The Autobahn is a German icon, right up there with beer and Oktoberfest. So a controversial proposal to sell off the country's renowned highway system has, expectedly, kicked up a storm of protest.
The Autobahn is known for the absence of speed limits
If Social Democrat Peer Steinbrück had planned to ease quietly into his new role as Germany's finance minister, he missed the chance.
Surely, it will not be easy to take over the "poisoned chalice" cabinet appointment, given the ongoing struggle to plug gaping holes in the German budget. But Steinbrück's comments over the weekend that the new government would consider privatizing the Autobahn has unleashed a storm of opposition.
Traffic jams would still be'Made in Germany', however
Steinbrück -- who is expected to be named the country's finance minister later Monday when chancellor-elect Angela Merkel names her cabinet in Berlin -- made the comment in a weekend interview with German newspaper Bild am Sonntag.
Steinbrück: No auto tolls
"We have to weigh (the option) carefully," Steinbrück said when the paper asked him whether the grand coalition government of Social Democrats and the conservatives would consider selling states assets such as the national highway network.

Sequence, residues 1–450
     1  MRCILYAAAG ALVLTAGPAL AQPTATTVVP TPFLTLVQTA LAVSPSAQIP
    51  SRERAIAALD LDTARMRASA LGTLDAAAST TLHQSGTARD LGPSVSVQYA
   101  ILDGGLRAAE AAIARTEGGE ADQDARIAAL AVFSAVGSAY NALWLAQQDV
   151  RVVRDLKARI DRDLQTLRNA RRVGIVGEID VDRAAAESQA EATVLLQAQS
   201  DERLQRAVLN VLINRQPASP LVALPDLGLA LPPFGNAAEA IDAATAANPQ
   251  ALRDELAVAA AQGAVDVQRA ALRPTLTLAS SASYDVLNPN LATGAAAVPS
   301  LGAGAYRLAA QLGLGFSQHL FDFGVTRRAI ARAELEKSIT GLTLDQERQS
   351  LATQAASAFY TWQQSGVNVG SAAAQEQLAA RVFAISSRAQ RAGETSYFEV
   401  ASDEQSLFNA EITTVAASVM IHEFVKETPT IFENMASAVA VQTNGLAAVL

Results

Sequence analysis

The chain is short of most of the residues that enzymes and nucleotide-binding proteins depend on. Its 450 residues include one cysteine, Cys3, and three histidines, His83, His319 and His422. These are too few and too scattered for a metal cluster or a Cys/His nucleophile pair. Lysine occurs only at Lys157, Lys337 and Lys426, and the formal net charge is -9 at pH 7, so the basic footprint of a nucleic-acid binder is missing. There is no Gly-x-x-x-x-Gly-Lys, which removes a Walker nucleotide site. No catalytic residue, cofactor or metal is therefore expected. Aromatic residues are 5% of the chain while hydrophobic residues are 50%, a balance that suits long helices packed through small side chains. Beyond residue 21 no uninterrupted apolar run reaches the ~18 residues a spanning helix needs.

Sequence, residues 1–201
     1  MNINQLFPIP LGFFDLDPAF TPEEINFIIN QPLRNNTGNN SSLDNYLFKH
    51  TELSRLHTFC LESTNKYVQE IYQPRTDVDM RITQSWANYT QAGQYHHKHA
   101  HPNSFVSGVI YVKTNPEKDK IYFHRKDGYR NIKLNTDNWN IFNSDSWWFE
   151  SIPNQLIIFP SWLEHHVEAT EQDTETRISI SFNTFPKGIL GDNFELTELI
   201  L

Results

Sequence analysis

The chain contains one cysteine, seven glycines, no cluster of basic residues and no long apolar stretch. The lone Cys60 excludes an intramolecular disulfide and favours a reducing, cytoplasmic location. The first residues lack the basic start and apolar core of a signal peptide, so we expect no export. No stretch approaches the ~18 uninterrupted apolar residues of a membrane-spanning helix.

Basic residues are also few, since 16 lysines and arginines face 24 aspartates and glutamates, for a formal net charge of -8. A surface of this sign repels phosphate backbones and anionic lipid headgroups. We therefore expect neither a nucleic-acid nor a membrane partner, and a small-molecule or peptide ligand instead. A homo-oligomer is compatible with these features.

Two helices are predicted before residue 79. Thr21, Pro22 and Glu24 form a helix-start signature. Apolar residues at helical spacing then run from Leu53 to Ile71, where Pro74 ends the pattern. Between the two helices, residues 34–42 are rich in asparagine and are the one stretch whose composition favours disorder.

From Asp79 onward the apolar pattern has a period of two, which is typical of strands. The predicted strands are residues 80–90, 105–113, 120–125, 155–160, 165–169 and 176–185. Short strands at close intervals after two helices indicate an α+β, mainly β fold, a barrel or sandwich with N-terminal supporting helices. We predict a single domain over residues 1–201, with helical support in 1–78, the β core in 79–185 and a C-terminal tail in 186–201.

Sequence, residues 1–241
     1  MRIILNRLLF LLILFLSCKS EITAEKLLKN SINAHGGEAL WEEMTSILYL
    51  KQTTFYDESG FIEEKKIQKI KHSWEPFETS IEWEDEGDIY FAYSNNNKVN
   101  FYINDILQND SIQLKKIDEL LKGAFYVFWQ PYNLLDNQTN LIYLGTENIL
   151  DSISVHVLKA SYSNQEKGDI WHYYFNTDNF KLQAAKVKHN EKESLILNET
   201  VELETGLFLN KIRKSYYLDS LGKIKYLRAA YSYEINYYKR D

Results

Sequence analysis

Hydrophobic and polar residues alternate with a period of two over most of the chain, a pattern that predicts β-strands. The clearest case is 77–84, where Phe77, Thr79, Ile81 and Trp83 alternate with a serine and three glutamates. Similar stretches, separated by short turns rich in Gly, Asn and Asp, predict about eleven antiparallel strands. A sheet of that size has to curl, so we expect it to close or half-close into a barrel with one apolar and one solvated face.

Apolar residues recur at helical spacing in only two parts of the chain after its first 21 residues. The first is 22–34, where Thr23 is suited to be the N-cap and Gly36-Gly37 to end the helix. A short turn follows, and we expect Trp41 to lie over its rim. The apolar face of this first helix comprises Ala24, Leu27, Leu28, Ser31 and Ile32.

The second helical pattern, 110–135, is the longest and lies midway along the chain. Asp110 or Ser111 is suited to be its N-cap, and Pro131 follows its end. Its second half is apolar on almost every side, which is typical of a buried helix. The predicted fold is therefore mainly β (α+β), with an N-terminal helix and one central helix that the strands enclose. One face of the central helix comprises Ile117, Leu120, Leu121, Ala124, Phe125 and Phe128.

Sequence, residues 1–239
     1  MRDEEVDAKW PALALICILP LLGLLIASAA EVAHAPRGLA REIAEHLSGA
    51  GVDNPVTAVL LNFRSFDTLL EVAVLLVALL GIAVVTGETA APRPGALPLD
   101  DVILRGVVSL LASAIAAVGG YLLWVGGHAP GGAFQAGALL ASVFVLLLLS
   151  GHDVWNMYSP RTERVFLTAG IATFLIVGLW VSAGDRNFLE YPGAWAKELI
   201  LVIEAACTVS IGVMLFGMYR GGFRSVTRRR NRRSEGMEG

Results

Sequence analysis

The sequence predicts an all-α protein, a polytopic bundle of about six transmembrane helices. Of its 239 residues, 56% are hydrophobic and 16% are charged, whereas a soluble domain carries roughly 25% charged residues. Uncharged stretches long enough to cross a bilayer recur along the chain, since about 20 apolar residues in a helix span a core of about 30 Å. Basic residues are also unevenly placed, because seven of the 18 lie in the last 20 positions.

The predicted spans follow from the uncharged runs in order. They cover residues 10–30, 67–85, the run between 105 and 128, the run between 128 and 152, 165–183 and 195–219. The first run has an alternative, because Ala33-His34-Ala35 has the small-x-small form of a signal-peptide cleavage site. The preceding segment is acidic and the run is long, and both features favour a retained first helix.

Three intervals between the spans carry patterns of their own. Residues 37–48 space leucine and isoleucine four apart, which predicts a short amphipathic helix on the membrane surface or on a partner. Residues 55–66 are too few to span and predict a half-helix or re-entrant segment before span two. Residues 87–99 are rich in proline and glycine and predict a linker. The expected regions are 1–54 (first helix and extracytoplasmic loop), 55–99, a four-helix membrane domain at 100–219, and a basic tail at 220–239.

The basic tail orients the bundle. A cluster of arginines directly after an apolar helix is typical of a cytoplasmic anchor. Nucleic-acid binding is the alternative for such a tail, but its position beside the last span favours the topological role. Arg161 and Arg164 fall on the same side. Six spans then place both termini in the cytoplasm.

"The discussion over such things is just beginning, and my opinion is in no way set," he said.
But Steinbrück denied that considering the move means he indirectly supports a toll system for passenger cars. A controversial toll system for trucks went into effect last year.
"I want to make it clear that I have in no way argued in favor of creating a toll system for passenger cars," Steinbrück told the Reuters news service. He also stressed that the Finance Ministry had not even commissioned a report on the value of selling the highway system.
Sale would bring benefits
But a speaker for the Transportation Ministry under the outgoing government told Reuters that selling the Autobahn would amount to nothing less than a toll on cars. Current Transportation Minister Manfred Stolpe has "clearly rejected" such a proposal. Incumbent Economy Minister Wolfgang Clement had already proposed such a move two years ago, and it was rejected at the time, the spokesman said.
A typical scene on Germany's famed highways
But a sale of the 12,000 kilometer (7,500 mile) Autobahn network could help alleviate Germany's dire budget shortfall. According to Bild am Sonntag, a three-year-old report commissioned in connection with the truck toll system said the German Autobahn would fetch around 127 billion euros ($153 billion).
International investment firms Goldman Sachs and Barclays have already begun jockeying for position with the finance and transport ministries for a role in any potential sale. Such a sale could reduce German debt by 890 billion euros, or 15 percent, in one go.